Protesters Gather in Front of the Finance Ministry
The initial interpretation of the Polish tax law, which has not been updated to encompass cryptocurrencies, quite expectedly drew negative reactions from the Polish crypto community. Its members immediately organized an online petition blaming the government for effectively restricting access to the growing cryptocurrency market. The tax regime was imposed without any consultations with the affected parties.
There are indications that the strong backlash was the main factor that forced the Finance Ministry to rethink its position. After meeting protesters in front of the ministry last month, Deputy Finance Minister Paweł Gruza announced: “There will be no PCC tax on trading of cryptocurrencies before any final solutions are worked out, which will happen in no less than two years. However, we maintain the obligation to settle the personal income tax, while working on temporary solutions.”
Mr. Gruza also said that “unfortunately” those who had already paid the civil law transactions tax, would not get a refund. “We are working on legislative solutions to solve this problem,” he assured. The official added that a working group has been set up to develop “simple and transparent taxation rules” regarding cryptocurrencies. According to the Polish outlet Kryptowaluti, there is hope that the upcoming legislation will exclude the PCC tax.
A new law is expected to “rationalize” the income tax regime in Poland, as well, which currently has a progressive scale with two brackets – 18% for annual incomes of up to PLN 85,528 zloty (€20,400), and 32% for those above the limit. The changes should be introduced next year. Some reports suggest that Polish crypto investors may be granted additional tax exemptions in that respect, although there has been no official confirmation of that.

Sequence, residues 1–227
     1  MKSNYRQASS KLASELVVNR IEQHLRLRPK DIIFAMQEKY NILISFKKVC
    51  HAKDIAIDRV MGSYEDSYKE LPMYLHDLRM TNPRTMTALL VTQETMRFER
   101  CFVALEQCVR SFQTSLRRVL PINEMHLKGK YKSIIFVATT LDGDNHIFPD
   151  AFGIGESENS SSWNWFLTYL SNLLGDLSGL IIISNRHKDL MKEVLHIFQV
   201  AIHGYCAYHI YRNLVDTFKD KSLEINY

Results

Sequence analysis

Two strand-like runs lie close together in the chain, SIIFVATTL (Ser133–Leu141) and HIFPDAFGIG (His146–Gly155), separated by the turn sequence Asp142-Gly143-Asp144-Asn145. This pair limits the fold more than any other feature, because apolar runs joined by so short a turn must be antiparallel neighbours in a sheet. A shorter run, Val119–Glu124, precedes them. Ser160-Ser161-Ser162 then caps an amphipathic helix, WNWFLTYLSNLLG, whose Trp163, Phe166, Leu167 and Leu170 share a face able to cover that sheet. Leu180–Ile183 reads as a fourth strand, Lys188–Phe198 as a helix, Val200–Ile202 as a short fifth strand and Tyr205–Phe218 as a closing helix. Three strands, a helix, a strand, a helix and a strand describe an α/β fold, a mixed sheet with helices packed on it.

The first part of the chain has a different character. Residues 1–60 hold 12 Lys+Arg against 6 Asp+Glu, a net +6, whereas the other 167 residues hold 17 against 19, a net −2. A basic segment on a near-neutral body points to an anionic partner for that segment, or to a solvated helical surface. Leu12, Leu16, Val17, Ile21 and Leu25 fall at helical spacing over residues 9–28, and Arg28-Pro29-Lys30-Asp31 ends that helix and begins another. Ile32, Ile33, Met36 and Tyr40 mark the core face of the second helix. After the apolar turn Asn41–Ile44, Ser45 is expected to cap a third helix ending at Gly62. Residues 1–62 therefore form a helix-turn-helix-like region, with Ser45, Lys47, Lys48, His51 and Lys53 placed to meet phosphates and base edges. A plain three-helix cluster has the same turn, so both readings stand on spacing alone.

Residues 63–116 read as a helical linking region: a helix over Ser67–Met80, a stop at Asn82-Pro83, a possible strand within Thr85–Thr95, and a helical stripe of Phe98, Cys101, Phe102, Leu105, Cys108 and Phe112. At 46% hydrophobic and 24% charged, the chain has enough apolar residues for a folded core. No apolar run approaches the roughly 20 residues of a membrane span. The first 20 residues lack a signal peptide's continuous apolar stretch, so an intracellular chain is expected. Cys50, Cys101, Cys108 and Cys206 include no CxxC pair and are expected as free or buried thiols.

On the contrary, the track record of the Polish government so far proves a rather hostile attitude towards cryptocurrencies like bitcoin. Earlier this year the executive branch of power in Warsaw approved a draft law aimed at bringing cryptos under the traditional anti-money laundering and counter-terrorism financing provisions of the Polish legislation.
Financial authorities in Poland have been accused of spending taxpayers’ money on smear campaigns against decentralized digital currencies in at least two occasions. Recently, the country’s Financial Supervision Authority (KNF) issued a new tender order to plan and conduct a campaign aimed at “building awareness” for the risks of investing in cryptocurrencies, listed alongside pyramid schemes and unsupervised forex activities. Earlier this year, it was revealed that the Central Bank of Poland and the KNF had paid a popular Polish Youtube network to produce anti-crypto videos.
Do you agree that the strong reaction of the Polish crypto community is the main reason for the decision to abandon the tax on crypto transactions? Share your thoughts in the comments section below.